How are things going with the construction of new broadband communication lines in developed countries?

In March, the US President announced plans to provide high-speed Internet access to as many citizens as possible and to make the tariff schedule as transparent as possible. We discussed the reaction of providers and the public in the previous article, and today we will talk about how things are with similar initiatives in other developed countries.

Photo: Mika Baumeister.  Source:
Photo: Mika Baumeister. Source:

To every house

Back in 2010 the UK government initiated a large-scale program to provide citizens with broadband access to the network. According to the project, providers should already be close to the completion of the project – they planned to stretch fiber-optic cables to each house by 2025. However, today the situation is somewhat different – there is no significant progress, and this is understandable. Even at the stage of discussion, the initiative was met without much enthusiasm – the construction of network infrastructure in remote regions required serious investments, so telecoms – like any other adequate business – were wary of proposals implying such spending. And ten years ago it was very difficult to predict when large-scale investments could be “recouped”.

In March, the regulator intervened in the situation. Ofcom agency in charge of telecom operations, introduced reliefthat should spur competition among ISPs. In particular, Openreach, which controls the main Internet networks in Britain, was allowed to independently determine the cost of using its optics. At the same time, the operator was obliged to reduce fees for other providers for working with the “copper” infrastructure. The movement towards a freer approach to business was to the liking of market participants, and they promised that will continue building infrastructure with renewed vigor.

But despite the indulgence, the companies may not be in time to complete such a large-scale project by the scheduled deadline. In addition, residents of remote regions are worried that if broadband Internet reaches them, they simply will not be able to afford it – now with this arise difficulties. Perhaps in the near future, the country’s government will have to introduce new subsidies for both providers and citizens.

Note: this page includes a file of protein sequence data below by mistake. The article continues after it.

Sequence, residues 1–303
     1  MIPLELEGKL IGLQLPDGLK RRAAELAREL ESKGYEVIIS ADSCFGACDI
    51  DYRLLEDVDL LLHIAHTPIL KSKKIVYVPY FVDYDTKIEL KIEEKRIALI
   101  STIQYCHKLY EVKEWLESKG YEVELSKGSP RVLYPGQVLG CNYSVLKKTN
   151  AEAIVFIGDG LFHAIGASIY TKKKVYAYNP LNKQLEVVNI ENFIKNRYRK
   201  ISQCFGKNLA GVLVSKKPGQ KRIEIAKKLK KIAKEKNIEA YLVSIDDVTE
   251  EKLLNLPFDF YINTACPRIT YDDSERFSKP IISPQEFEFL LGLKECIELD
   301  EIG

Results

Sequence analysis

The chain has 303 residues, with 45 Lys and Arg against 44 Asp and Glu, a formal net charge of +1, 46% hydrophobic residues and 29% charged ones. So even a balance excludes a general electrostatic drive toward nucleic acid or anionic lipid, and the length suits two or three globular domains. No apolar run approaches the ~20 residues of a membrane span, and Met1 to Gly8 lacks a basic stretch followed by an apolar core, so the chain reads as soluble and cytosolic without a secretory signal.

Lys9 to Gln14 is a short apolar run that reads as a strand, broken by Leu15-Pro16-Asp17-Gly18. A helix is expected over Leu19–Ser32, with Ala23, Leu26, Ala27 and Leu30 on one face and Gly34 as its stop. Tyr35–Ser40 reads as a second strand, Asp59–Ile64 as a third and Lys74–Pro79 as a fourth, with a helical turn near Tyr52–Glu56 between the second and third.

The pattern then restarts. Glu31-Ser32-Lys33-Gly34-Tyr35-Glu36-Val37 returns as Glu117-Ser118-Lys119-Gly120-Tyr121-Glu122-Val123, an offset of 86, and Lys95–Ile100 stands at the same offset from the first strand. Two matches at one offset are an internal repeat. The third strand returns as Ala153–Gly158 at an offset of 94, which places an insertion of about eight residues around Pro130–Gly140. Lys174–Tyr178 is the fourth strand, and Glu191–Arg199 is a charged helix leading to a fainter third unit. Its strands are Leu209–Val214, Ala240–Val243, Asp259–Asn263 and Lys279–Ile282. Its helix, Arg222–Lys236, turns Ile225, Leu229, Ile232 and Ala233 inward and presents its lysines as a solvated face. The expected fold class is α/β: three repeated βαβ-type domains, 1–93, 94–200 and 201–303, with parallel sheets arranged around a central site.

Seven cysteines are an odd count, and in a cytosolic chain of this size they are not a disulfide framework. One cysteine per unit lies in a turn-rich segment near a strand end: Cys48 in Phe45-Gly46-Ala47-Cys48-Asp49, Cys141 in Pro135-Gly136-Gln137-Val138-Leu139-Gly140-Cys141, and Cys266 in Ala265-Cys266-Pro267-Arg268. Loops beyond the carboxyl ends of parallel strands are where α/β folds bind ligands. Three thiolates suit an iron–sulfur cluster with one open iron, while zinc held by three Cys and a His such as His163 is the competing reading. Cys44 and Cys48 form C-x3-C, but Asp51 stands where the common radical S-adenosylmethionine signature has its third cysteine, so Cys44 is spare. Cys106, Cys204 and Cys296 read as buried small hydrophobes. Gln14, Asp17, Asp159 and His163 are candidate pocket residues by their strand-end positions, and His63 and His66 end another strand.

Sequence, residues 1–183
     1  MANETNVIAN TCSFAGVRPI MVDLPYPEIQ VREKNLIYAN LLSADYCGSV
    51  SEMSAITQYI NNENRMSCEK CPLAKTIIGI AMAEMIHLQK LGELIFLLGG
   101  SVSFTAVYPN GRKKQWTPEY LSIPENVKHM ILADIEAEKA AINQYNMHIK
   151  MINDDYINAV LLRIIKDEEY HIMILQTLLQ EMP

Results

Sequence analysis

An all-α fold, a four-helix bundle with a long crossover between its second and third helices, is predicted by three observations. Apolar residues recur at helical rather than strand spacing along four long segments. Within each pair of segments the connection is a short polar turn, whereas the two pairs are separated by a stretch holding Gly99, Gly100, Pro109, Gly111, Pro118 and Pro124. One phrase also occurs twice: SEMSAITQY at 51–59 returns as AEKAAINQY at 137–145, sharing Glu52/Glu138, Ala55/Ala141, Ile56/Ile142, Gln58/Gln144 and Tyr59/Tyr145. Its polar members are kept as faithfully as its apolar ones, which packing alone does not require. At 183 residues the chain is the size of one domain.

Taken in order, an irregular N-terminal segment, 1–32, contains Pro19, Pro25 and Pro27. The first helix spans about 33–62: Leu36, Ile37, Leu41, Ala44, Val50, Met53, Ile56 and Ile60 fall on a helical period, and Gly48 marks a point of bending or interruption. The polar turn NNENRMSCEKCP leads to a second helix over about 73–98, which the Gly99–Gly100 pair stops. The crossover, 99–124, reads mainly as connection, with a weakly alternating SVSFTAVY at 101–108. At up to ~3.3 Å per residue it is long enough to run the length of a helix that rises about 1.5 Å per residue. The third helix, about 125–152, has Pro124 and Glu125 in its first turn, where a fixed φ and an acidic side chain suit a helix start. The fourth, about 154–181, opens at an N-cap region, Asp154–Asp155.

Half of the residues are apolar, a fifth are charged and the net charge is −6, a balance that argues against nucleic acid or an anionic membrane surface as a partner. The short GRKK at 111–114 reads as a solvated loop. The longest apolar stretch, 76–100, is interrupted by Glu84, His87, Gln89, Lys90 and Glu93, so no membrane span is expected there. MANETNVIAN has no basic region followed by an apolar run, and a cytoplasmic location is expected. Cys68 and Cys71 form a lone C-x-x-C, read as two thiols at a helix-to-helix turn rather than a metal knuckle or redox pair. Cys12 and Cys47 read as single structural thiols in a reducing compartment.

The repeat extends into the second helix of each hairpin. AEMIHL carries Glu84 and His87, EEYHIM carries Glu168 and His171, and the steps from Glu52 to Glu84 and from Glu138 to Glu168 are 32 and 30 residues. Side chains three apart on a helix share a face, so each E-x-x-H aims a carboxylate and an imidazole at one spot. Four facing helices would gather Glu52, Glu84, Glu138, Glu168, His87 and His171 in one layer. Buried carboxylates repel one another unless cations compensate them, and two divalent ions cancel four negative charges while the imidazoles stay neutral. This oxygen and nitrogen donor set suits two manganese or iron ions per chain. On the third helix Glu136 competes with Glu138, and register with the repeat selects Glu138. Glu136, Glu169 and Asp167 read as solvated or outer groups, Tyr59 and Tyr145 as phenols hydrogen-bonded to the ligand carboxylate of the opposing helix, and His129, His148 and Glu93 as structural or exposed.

Everyone’s right

At the end of April, the Bundestag handed down to the level of the bill the right to fast Internet access. Until now, only a 56 Kbps channel has been guaranteed in this regard. However, it is not yet clear what the legislators mean by “fast internet”, since the document does not specify the new requirements. They are to be determined by the Federal Network Agency – according to preliminary estimates, the lower bar will be 20 Mbps

While the law has not yet entered into force, large telecoms and providers have objected – they will have to develop infrastructure in the suburbs and remote corners of the country to ensure compliance with the updated regulations. They will have less effort and resources to improve the quality of communication in megalopolises, and this will slow down the deployment of new technologies and may negatively affect the perception of the quality of Internet communication services by the townspeople, who make up the core of the audience. In addition, the bill does not imply a development map, therefore, business is not ready to support it without understanding the possible consequences.

Photo: Ildefonso Polo.  Source:
Photo: Ildefonso Polo. Source:

Bundestag decision criticized and representatives of opposition parties. In their opinion, the estimated threshold of 20 Mbps per household is insufficient. Finland has a similar law acts since 2010 – there is the government and providers are oriented at 100 Mbps. Perhaps German regulators have yet to analyze this experience.

Quality of digital life

The development of broadband Internet is also involved in Sweden. According to the plan approved by the government (page 6), by 2025, 98% of citizens should have “gigabit” access to the network. For the remaining two percent, throughput should not fall below 30 Mbps.

At the end of 2020, the Swedish Communications and Telecommunications Authority took away 44 infrastructure projects, and is preparing to allocate $ 12 million in subsidies for the development of broadband networks in the regions. The total “expenses” for the development of high-speed communication, planned only for this year, there appreciate at $ 159 million.

Such dynamics of network modernization is not something extraordinary for this country. Sweden takes second place in the world for the “digital quality of life” (Digital Quality of Life Index), second only to Denmark. The DQL index includes the level of digital public services, their degree of security, the security of personal data, as well as the quality and availability of broadband Internet. Perhaps the launch of new high-speed networks will allow the country to come out on top in the world in this rating.

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